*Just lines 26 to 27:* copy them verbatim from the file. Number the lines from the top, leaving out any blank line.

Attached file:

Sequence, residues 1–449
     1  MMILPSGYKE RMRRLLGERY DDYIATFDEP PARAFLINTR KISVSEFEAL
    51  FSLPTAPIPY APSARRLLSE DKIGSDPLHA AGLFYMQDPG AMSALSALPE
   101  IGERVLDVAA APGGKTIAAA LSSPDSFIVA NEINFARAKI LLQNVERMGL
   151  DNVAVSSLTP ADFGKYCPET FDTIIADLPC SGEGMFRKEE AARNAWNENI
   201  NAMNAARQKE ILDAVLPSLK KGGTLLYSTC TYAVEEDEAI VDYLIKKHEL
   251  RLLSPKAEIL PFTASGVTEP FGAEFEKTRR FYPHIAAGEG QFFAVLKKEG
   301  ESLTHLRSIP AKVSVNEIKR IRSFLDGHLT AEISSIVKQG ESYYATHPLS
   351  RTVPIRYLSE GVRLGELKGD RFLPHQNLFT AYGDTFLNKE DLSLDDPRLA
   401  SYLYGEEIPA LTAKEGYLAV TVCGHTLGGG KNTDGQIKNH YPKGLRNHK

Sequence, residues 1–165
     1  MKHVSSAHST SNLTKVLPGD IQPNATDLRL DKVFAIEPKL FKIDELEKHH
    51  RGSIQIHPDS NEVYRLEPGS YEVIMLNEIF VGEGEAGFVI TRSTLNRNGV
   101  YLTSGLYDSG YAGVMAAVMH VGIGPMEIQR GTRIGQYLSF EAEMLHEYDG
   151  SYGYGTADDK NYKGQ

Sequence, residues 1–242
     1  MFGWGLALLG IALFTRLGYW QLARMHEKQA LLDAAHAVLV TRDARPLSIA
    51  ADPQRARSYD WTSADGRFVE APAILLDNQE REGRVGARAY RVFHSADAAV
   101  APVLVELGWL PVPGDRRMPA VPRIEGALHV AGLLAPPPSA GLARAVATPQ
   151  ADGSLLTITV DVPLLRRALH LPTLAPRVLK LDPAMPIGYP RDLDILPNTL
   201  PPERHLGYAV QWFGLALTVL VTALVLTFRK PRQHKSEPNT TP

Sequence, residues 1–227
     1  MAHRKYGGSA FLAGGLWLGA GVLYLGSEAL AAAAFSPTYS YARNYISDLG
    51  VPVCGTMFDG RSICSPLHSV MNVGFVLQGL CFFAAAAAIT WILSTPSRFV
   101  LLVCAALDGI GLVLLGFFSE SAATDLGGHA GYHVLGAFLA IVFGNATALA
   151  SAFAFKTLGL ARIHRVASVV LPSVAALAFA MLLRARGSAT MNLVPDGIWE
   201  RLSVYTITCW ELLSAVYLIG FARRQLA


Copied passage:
   151  SAFAFKTLGL ARIHRVASVV LPSVAALAFA MLLRARGSAT MNLVPDGIWE
   201  RLSVYTITCW ELLSAVYLIG FARRQLA